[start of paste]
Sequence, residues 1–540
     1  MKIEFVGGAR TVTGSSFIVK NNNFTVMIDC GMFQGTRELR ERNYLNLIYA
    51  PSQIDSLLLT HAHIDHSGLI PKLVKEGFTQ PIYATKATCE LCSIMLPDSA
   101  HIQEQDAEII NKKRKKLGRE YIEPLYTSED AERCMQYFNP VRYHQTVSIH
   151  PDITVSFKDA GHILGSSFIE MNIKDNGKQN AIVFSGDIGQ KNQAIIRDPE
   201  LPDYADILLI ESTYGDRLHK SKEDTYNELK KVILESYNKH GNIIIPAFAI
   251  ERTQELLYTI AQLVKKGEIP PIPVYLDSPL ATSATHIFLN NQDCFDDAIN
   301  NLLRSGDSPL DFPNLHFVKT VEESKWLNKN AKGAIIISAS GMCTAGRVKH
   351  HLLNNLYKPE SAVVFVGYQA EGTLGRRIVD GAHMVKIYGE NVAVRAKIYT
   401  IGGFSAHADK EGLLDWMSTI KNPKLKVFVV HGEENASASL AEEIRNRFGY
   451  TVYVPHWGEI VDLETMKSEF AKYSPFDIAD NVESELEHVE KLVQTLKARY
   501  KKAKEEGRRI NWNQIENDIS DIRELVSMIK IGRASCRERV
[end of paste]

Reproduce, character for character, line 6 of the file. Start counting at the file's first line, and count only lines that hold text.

   201  LPDYADILLI ESTYGDRLHK SKEDTYNELK KVILESYNKH GNIIIPAFAI